A glimpse of learning inequality across different disadvantaged groups in Nepal

A glimpse of learning inequality across different disadvantaged groups in Nepal

In today’s era of technological evolution, education is considered as the means of human development and gaining knowledge and skill to increase personal productivity and quality of life. Most of the people gain the knowledge and necessary skills from school, particularly from the classroom. However, students from socio-economically disadvantaged groups including ethnic minorities, rural areas and poor families are still lagging behind in terms of their academic performance compared to their peers from communities that are more privileged.

 

Nepal has conducted the National Assessment of Student Achievement (NASA) study since 2011 in different grades and different subjects. The results of the assessment studies found similar pattern in the performance of students from different groups. For example, in terms of language, students who speak Nepali language performed better than those whose mother tongue is not Nepali. The table below demonstrates the Grade 8 students’ performance in Mathematics, Science and Nepali language in NASA 2017. Similar disparities were also found in results of NASA 2011 and 2013.

 

 

Mathematics

Science

Nepali

Students who speak Nepali language

503

506

510

Students who speak other languages

493

488

482

 

Similarly, the student from Dalit and Janjati communities, socio-economically disadvantaged groups, performed lower than those from other castes/ethnicities did. Geographically, the students from Kathmandu, capital city, performed better than from the students from countryside. Also, there was a performance gap between students from mountain and hilly areas, where the former ones performed weaker than the latter.  Moreover, the students from public schools performed significantly lower than their peers in private school. In Nepal, most of the private schools are in city area and only well-off parents are able to send their children to private school. It has also been found that learning gap is more prominent in higher grades (e.g. Grade 8) compared to lower grades (Grade 3 and 5). The similar results were observed across several rounds of NASA in the past seven years.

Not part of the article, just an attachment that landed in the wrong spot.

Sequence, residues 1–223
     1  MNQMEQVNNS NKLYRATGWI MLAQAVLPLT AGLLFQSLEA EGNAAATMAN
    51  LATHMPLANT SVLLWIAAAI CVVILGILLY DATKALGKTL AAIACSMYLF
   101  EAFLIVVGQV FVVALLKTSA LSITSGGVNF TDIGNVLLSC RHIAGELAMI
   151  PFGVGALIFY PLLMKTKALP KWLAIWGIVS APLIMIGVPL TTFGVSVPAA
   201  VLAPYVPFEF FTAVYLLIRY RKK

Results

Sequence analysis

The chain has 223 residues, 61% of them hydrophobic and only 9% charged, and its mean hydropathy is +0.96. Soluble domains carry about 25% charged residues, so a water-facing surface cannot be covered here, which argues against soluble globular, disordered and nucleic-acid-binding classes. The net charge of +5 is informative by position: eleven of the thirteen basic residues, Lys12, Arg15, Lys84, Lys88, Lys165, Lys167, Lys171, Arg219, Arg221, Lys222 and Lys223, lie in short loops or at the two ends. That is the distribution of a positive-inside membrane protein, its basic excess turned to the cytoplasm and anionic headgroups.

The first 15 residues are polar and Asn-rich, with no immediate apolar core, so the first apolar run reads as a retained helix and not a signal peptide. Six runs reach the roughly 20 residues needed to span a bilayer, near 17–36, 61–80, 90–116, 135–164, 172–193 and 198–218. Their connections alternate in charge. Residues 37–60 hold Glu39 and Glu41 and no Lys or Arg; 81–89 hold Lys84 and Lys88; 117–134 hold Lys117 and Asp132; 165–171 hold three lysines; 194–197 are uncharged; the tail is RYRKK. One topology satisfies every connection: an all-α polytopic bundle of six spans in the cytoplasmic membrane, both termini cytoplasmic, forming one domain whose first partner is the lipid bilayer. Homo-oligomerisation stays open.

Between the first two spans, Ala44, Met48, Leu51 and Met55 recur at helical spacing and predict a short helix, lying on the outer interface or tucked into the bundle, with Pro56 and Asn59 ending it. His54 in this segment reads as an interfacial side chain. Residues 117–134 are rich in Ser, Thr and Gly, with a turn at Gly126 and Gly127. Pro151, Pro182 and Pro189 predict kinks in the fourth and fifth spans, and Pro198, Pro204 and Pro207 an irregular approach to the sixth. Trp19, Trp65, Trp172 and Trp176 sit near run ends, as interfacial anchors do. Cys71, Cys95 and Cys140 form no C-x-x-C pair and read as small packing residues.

Differentiated instruction, remedial teaching, inclusive classroom management, individual support, use of  ICT tools could enhance and ensure students’ learning. In particular, qualified and motivated teacher plays a key role in ensuring equal opportunities to all students. Therefore, mobilization and motivation of qualified teachers will be instrumental in reducing inequality in learning. In order to motivate teachers, incentives such as career enhancement opportunity and sufficient salary/allowances should be provided, specifically to those who work in remote and disadvantaged schools.

 

Responding to a significant learning gap and disparity in the performance of students from different groups, the NASA 2017 report recommended that special policy and program targeting disadvantaged students should be developed and implemented by provincial and local governments at school level. As stated in the Constitution of Nepal, local governments are responsible for education provision up to secondary education. Now, it is expected that the local government’s intervention should support and target the marginalized groups to reduce the learning disparity. This may require some targeted interventions at classroom level including teacher training and teaching methodology. The interventions should focus on classroom instruction because the learning inequality emerges from the class in the first place. The intervention program also should start from early grade learners, which will significantly contribute to reduce learning gap at higher grades.

 

 

Written by  Devi Ram Acharya [deviramac@outlook.com], Education Review Office, Nepal
Related links: 

Education Review Office

National Assessment of Student Achievement report 2017

Photo credit: @ Devi Ram Acharya, ERO